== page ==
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Hand Built Grado Cans

Discussion in 'Headphones (full-size)' started by markutis, Aug 10, 2012.
  1. markutis
    I recently purchased 3 different sets of headphones from eBay - some Grados 60's, 80's, and 80i's.
    I have been the proud owner of SR325is for a year now, and love them very much.
    My question is this:
    I completely dismantled the 80i's with the intention of hand making wood cans for the drivers to go in. Can anyone recommend some good tone wood that would sound the best?
    I've read a lot about mahogany and ebony as good choices.
    Has anyone gone down this route with "sound" as their primary objective? 
    I know the fine gentleman at headphile.com is a true artist, but I don't know if he's taken into account sound as his motivating factor.
    Any suggestions are welcome. This is my first post, so please, be gentle:)
  2. tzjin
    Try Cocobolo. It is a pretty popular tonewood as well.
  3. jackwess
  4. markutis
    Well, here is the progress on the project in photo form:
    The Mahogany Cans:
    The Supplies:
    The Work Space:
    SR80i Drivers
    Stripped Grado Headband
    Canare Mini Quad (1.5m)
    RCA connectors for cans (maybe will use them, maybe not)
    Heat Shrink
    Neutrik 1/8" terminal
  5. Rav
    Looks like you're making a good job with those wood cups, i know first hand how tricky they can be as i'm making a set myself right now, except i have a pair of magnum drivers to go in mine. If you're interested, my build diary is at http://www.head-fi.org/t/626114/diy-woody-grado-symphones-magnums-a-build-diary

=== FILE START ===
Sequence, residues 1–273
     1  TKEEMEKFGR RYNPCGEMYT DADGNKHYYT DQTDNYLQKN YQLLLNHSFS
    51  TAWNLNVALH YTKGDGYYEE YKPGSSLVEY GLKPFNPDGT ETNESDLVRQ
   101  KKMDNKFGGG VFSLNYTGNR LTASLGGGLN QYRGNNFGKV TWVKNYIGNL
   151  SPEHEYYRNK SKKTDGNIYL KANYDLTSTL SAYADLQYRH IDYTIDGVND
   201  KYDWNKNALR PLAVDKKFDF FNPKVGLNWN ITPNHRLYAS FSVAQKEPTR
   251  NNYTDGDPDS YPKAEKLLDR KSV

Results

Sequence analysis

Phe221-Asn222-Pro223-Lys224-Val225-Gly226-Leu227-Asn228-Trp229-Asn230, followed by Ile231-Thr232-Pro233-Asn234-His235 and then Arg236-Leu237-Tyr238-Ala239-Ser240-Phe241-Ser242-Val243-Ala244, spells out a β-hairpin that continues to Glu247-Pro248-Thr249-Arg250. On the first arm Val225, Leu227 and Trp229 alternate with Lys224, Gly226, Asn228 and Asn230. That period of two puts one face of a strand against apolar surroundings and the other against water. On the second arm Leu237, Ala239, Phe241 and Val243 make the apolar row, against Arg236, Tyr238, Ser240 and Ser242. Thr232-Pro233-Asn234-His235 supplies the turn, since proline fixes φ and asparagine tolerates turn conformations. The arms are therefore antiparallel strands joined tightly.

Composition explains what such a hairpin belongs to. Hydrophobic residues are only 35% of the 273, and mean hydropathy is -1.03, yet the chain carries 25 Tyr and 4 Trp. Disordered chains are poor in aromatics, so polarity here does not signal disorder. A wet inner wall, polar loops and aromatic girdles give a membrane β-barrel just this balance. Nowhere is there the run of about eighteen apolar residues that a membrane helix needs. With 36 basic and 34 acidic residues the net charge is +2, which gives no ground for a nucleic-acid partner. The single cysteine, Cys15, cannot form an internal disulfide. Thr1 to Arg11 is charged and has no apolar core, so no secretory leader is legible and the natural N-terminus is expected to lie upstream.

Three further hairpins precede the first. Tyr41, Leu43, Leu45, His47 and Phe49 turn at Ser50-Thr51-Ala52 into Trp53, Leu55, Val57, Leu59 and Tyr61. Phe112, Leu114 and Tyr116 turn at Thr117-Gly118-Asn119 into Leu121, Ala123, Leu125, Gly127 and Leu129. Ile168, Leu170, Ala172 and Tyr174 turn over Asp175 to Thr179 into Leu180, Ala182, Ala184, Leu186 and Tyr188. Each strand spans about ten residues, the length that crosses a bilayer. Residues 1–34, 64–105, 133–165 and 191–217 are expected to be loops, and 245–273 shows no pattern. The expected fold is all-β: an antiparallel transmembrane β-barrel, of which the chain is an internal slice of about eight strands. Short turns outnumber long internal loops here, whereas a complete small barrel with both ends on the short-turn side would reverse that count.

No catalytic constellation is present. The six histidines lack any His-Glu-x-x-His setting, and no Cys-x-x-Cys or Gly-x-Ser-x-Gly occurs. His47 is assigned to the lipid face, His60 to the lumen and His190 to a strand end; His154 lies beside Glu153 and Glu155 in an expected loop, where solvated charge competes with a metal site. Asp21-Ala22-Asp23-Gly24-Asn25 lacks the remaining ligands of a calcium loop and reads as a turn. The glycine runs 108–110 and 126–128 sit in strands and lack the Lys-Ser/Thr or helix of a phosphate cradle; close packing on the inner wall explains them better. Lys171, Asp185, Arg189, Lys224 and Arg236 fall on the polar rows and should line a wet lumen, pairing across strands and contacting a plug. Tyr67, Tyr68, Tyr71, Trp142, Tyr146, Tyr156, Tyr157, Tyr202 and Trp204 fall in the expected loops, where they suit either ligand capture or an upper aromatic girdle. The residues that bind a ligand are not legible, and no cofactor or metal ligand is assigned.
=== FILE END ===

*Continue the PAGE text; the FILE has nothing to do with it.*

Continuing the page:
6. markutis
    Wow, they are beautiful. Well done.
    That Mahogany is fantastic.
  7. markutis
    I've made some progress!
    They're all wired up, and currently borrowing my 325is headband. I'm making a leather headband for them - a black and brown two tone which is going to look SWEET - pictures to follow.
    They sound amazing. I'm still trying to decide on what to make the grills out of - I'm thinking black, to go with the black and gold/brown theme.
  8. markutis
    we have grills!
    we also have the top half of the headband complete:
  9. markutis
  10. stocker1
    You don't want the wood to make any sound, you want to be as neutral as possible.There's a misconception about this, wood is good for musical instruments that have to produce a certain sound, timbre and tone.Using wood adds vibration and smears the sound and cuts down the dynamics of the music
  11. stacker45
    Very nice work, let us know how they sound.

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